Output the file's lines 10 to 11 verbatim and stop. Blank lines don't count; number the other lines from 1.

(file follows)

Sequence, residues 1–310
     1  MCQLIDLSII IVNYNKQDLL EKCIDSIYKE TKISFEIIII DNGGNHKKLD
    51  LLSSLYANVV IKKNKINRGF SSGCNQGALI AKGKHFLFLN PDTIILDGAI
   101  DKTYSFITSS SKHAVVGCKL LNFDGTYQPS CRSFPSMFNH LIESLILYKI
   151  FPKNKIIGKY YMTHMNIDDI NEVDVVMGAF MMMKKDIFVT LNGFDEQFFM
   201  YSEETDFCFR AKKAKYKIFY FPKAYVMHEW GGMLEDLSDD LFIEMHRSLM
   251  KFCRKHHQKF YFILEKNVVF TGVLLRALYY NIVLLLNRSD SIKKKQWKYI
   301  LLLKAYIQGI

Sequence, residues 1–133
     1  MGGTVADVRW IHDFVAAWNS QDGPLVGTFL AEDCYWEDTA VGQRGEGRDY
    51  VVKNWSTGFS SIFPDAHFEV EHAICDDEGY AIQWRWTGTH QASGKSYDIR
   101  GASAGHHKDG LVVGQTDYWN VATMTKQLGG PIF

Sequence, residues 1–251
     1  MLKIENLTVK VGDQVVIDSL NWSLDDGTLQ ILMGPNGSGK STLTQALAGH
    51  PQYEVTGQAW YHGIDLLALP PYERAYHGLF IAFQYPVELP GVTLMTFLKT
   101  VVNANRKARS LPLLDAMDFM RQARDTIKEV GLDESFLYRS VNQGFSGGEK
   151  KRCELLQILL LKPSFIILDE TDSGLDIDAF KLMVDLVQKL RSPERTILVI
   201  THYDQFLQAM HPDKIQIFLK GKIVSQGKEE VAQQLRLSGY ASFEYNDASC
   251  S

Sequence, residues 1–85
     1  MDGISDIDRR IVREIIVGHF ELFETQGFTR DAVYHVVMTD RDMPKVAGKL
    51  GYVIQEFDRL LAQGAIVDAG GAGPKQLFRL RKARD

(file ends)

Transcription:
     1  MGGTVADVRW IHDFVAAWNS QDGPLVGTFL AEDCYWEDTA VGQRGEGRDY
    51  VVKNWSTGFS SIFPDAHFEV EHAICDDEGY AIQWRWTGTH QASGKSYDIR